APRIL 23-24, 2015: Dobson's lymph node surgery was canceled this week because his anemia has gotten worse. His red blood cell count has been down lately and then it went down significantly between his pre-op blood draw on Monday and a follow-up blood draw on Tuesday before they were to put him under. On the advice of his surgeon and his onco vet, I took him to the Dove Lewis emergency vet hospital in Portland, which has the best capacity around here to do blood transfusions. The ER vet tested his packed RBC count at under 14. That's low. Over the course of Tuesday afternoon and overnight, he received transfusions of 2 units of RBCs, which brought his packed RBC number up to the mid-30s. After bringing his number up, he could be anesthetized for a bone marrow biopsy to try to identify what's causing the anemia. The ER hospital called in a mobile internist to do the biopsy and consult on possible causes of such a sudden drop in his RBCs. Bone marrow issues are likely the reason for a gradual change in anemia, and they think he may have a GI bleed that caused the sudden drop in RBC count. A GI bleed or ulcer can occur if MCT cells release histamine in the body and receptors in the stomach go into action in response to the histamine. He came home Wednesday evening and is doing okay. We're waiting for lab results and have him on some new meds (in addition to his regular meds) to reduce stomach acid and coat the stomach in case he has an ulcer/GI bleed, as well as a few days' supply of pain meds to help with pain he may be experiencing from the bone marrow biopsy. We're keeping a close eye on him, checking the color of his gums, and keeping to the med schedule. Once the lab results are in and once we see if the RBC count stays up over the next few days, we'll make a plan with the surgeon and onco vet. The results of the bone marrow biopsy showed no sign of cancer spreading to the bone marrow. We're having various blood tests done over the next few days. Not sure if the lymph node surgery will be rescheduled -- it probably will, since we know the node has MCT cells in it -- but we won't put him through it unless the benefit will outweigh the discomfort of recovery from surgery. Not sure about doing chemo again but we'll see what the onco vet says and will ask her if it will address the MCT issue without adversely affecting his bone marrow and RBCs. Maintaining his quality of life is our primary goal.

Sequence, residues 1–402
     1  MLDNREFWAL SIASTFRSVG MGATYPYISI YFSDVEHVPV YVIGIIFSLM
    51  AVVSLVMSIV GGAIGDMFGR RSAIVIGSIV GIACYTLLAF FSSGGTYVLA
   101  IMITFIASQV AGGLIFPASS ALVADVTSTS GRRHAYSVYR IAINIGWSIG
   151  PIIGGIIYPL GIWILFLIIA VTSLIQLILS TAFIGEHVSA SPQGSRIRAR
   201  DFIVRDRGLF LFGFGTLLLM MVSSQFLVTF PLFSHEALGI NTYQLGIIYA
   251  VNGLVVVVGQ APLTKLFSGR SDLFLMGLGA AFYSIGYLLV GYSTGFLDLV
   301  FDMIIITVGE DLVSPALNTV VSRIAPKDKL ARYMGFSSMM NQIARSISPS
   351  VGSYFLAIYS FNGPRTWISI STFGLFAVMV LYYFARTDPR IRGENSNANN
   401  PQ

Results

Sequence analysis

Dobson is a great dog. The vets have all called him "tough" and have been amazed that he looks as good as he does with his blood count being so low. While he certainly is tough, he also still smiles, vigerously wags his tail when we come home, and jumps in bed every morning for a little snuggle time before the day needs to start. It's hard to believe that there is anything going on that would slow this guy down.